Wednesday, September 05, 2007

Brightest Supernova paper finally published, and its already been demoted to 2nd place

The popular science press and the science blogs went to town back in May 2007 reporting on SN 2006gy, a supernova explosion in the galaxy NGC 1260 that was detected on Earth in 2006. At the time SN 2006gy was heralded as the most luminous SN explosion ever detected.

It is common, but somewhat unfortunate, with "breaking news" about science that the press attention occurs well before the refereed scientific paper describing the results was actually published.

Well, the full, final, refereed paper "SN 2006gy: Discovery of the Most Luminous Supernova Ever Recorded, Powered by the Death of an Extremely Massive Star like η Carinae" by Smith et al was published just this week, in the September 10th edition of the Astrophysical Journal (Smith et al, 2007, ApJ, 666, 1116).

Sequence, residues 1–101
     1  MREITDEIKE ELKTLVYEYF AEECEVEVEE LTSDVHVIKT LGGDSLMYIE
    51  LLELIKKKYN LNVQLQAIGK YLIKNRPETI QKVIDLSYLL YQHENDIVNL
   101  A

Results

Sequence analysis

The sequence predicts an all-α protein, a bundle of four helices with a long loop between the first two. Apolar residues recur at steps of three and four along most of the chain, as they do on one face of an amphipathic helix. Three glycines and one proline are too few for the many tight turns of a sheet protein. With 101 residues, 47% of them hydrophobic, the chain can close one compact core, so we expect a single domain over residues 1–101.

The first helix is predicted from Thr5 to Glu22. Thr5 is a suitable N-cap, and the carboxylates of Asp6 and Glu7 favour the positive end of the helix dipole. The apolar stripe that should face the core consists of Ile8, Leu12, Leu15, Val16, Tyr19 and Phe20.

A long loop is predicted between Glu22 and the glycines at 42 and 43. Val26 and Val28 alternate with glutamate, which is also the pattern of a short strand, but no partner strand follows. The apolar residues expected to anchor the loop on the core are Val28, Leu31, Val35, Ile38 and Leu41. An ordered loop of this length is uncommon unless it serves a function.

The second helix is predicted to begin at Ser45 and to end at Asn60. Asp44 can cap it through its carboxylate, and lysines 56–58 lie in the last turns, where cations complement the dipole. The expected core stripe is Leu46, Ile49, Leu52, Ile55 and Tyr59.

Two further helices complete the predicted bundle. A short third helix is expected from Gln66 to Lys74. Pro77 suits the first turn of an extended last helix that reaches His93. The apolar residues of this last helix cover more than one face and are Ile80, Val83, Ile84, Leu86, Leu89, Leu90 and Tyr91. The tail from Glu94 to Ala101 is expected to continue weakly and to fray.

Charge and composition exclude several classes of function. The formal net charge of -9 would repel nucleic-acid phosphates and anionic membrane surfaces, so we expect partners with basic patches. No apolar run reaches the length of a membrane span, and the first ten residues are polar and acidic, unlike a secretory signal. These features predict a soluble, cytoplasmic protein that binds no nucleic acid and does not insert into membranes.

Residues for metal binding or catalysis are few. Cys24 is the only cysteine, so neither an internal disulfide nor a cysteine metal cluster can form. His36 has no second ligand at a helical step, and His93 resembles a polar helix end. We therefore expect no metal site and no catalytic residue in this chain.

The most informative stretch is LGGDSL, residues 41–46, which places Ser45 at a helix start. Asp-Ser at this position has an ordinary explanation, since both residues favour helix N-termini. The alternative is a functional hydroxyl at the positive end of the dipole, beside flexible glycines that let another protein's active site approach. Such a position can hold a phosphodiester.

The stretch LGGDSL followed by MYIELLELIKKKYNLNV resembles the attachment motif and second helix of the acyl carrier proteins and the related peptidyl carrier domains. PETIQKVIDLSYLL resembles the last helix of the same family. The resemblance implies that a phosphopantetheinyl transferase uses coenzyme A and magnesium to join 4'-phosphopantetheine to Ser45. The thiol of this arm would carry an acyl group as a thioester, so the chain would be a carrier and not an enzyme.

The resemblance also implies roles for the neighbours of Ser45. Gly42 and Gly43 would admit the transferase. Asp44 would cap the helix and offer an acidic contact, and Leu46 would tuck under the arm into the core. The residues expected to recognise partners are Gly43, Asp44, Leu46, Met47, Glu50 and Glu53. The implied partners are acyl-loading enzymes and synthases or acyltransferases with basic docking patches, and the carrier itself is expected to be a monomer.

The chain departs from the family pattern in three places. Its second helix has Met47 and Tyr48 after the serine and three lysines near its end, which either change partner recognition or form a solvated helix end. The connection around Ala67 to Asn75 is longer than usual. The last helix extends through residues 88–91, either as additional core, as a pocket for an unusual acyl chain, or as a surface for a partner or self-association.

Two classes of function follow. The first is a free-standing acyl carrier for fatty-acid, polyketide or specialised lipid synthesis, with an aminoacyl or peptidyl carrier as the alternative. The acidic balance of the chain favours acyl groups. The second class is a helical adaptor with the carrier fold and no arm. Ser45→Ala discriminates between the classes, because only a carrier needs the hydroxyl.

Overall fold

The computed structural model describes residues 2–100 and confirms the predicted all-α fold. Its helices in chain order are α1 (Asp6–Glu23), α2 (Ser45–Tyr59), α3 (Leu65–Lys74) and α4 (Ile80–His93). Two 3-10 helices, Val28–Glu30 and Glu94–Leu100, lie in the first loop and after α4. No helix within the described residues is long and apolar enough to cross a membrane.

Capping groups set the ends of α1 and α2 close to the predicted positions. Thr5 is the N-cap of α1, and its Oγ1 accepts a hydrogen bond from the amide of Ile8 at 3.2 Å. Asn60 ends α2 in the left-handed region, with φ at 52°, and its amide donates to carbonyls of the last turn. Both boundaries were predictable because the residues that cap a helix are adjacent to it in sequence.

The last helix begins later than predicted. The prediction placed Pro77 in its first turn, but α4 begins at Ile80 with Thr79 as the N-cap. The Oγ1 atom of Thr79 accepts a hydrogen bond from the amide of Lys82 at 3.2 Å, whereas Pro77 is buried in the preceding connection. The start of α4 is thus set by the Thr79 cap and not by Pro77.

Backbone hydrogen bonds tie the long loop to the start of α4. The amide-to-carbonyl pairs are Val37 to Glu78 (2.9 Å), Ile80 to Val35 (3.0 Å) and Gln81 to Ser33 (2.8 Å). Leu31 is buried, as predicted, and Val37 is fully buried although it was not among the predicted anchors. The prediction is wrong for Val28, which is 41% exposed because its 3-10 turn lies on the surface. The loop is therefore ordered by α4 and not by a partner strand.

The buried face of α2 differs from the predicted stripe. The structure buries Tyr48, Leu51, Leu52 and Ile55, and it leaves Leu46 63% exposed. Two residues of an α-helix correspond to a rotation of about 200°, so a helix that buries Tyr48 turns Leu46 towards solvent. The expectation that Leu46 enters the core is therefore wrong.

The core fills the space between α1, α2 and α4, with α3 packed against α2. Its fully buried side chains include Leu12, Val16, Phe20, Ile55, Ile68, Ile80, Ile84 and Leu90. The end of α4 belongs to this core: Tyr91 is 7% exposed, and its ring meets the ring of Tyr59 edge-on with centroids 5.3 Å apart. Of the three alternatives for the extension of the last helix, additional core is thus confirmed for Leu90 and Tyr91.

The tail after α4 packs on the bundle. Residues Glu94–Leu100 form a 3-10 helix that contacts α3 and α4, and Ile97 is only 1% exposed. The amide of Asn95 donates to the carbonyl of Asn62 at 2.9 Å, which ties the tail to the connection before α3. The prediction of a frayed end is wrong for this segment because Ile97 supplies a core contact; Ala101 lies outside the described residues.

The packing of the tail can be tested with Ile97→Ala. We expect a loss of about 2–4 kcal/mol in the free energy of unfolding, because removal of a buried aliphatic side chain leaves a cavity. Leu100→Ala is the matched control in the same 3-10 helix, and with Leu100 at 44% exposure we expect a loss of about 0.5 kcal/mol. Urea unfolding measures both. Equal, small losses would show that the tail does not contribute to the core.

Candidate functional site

It is somewhat ironic then that in today's astro-ph preprints SN 2006gy is demoted to being the second brightest SN ever by SN 2005ap (Quimby et al, astro-ph/0709.0302). Thats right, a supernovae detected in 2005 was about twice as luminous as 2006gy. Except it'll be published second. But by the same group of researchers.

Both of these events (and a third unusually luminous but as yet unpublished SN event) were detected by the Texas Supernova Search (Quimby, R. 2006a, Ph.D. thesis, Univ. Texas at Austin).

Pretty impressive work, and evidence that unusual things still lurk out there waiting for the innovative scientist (or large team of innovative scientists and engineers) to find them.

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